Companies face five key areas of sustainability risk as they to eliminate waste from their supply chains, according to a study by Ernst & Young.
It says that the five greatest climate change and sustainability risks to supply chain operations are:
The supply chain, for many companies, increasingly provides an opportunity to improve competitive advantage and reduce cost and waste. Leading companies understand this link, particularly as stakeholders become more interested in social and environmental costs.
Organisation that are required to comply with green supplier programmes now need to track data on energy use and make the information available for audits. On the flip side, if an organisation has instituted a green supplier program, it will need new processes to track and monitor supplier compliance and to use the data to drive decision-making.
Supply chain issues impact an organisation’s financial strategy in multiple ways, such as: opportunities to cut costs, potential cash management and liquidity implications as a price for carbon is set in different jurisdictions, and new due diligence requirements for acquisitions. Additionally, as companies increase public disclosures in non-financial reports, CFOs and audit committees are exercising more oversight.
Many companies are implementing supplier qualification programs to ensure they do business with suppliers that share their values, which helps them manage brand and reputational risk. As such, these companies may conduct regular audits of suppliers, which might include compliance with emissions, waste and safety guidelines.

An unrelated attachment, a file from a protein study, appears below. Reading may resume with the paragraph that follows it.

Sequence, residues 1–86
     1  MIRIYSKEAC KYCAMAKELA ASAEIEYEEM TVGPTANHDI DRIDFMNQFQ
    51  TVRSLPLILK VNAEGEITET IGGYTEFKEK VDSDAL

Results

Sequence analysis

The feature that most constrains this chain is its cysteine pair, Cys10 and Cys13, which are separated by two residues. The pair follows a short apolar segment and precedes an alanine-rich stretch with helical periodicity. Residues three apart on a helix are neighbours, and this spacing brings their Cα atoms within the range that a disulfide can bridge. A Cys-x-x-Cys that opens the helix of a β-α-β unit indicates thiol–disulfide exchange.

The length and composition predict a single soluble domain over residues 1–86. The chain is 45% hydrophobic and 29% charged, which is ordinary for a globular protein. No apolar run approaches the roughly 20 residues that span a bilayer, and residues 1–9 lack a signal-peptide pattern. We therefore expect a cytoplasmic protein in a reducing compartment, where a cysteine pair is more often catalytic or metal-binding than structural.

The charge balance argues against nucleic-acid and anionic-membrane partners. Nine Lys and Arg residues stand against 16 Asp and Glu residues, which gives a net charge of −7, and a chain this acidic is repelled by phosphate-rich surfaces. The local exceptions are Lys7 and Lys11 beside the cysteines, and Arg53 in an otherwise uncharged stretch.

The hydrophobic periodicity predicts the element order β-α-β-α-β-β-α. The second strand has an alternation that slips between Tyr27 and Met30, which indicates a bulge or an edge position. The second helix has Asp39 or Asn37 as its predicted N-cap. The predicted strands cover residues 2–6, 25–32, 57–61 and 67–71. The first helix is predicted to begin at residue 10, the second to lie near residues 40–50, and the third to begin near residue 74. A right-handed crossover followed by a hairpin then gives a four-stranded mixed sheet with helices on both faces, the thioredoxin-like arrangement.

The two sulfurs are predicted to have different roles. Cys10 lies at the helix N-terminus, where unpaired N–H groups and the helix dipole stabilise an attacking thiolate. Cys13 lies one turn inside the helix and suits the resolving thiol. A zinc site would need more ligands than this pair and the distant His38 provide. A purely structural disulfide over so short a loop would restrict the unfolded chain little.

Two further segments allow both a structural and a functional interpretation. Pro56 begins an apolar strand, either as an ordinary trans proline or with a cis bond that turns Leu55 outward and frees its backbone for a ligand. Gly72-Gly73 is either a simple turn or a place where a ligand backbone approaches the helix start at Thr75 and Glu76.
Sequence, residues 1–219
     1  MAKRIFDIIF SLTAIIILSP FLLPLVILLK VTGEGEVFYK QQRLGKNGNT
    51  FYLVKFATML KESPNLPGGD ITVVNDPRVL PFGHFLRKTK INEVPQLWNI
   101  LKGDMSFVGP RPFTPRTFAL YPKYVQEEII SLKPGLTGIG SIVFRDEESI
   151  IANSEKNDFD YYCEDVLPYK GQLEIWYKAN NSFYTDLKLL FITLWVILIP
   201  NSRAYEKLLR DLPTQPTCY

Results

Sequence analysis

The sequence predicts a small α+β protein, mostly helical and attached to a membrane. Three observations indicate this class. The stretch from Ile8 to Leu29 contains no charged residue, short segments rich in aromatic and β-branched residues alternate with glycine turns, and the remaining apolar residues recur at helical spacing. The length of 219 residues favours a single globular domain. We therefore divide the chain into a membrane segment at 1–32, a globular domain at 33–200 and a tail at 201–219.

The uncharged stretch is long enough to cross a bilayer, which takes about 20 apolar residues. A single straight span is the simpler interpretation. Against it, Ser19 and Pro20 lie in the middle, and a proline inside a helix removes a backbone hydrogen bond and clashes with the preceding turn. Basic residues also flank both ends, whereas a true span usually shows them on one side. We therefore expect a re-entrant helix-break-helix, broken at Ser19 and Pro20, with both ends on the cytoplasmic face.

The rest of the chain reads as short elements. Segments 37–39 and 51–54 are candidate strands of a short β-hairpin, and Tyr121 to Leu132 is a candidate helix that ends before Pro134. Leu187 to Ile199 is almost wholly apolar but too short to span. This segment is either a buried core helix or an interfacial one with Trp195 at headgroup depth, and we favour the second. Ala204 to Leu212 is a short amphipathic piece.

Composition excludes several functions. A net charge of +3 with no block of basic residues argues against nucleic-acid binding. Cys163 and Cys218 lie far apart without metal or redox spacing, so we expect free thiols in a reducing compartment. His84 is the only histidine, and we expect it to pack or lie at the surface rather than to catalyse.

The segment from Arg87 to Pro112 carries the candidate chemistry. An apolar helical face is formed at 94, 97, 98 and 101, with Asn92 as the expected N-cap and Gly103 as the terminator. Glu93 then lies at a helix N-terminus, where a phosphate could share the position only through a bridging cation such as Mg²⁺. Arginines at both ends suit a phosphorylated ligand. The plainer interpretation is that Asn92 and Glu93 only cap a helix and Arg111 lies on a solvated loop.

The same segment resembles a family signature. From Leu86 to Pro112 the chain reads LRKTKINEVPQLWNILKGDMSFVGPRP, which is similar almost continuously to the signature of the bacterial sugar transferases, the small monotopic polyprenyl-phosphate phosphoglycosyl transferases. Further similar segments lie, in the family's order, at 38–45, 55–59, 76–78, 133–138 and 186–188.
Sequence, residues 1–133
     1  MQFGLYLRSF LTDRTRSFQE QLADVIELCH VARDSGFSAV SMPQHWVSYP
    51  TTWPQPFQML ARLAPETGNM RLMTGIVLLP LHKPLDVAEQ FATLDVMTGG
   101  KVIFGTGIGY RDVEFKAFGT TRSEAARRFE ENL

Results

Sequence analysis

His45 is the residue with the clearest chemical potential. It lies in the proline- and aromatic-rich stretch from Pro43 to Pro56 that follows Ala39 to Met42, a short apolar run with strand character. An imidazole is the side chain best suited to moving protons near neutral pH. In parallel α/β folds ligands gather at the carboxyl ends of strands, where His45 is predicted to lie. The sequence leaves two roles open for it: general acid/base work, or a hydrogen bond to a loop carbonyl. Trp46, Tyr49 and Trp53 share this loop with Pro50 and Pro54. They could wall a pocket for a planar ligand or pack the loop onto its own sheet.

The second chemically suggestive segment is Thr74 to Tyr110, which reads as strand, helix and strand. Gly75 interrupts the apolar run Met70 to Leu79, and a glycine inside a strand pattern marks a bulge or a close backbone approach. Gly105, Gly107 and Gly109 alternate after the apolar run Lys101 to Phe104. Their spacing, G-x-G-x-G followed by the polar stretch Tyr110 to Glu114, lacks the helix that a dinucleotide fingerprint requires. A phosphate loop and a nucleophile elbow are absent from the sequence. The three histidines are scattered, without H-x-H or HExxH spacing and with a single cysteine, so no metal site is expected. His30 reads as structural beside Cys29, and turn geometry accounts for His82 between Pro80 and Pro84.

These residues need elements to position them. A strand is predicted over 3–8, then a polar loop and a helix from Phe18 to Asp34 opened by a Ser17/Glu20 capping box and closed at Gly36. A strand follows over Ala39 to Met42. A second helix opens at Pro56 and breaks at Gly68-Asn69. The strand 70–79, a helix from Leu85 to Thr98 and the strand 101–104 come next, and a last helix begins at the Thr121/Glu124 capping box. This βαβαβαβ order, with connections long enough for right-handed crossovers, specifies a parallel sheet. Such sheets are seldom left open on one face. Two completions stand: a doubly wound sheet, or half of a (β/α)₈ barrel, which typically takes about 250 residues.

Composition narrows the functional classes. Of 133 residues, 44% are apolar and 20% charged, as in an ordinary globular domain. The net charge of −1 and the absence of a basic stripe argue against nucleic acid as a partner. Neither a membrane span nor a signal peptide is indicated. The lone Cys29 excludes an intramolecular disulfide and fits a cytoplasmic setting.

Spare parts inventory management, manufacturing equipment utilisation, and planned maintenance are just a few areas where the level of efficiency could be improved. Other operational areas to assess include: unplanned downtime, reduction and innovative uses for manufacturing waste, transport, logistics and facilities.
Eric Olson, Ernst & Young’s climate change and sustainability supply chain leader, said: “As organisations across the public and private sector decrease their environmental footprints by focusing on supply chain operations, many find they need to influence operations that fall outside the direct control of a single business unit or enterprise.
“As a result, supply chain leaders need up-to-date sustainability information that meets the growing demand for transparency and accuracy from customers and suppliers alike. Many companies are already taking a full lifecycle approach to improve the environmental impact of their products and services.”
The report includes a number of recommended actions that supply chain operations professionals can take including:
* Assess climate change and sustainability reporting needs, including evaluating the integrity and alignment of data across the supply chain.
*Monitor and assess existing or potential government regulations on the entirety of the supply chain.
*Review the corporate risk register and risk management policies for appropriate inclusion of climate change and sustainability risks associated with the supply chain.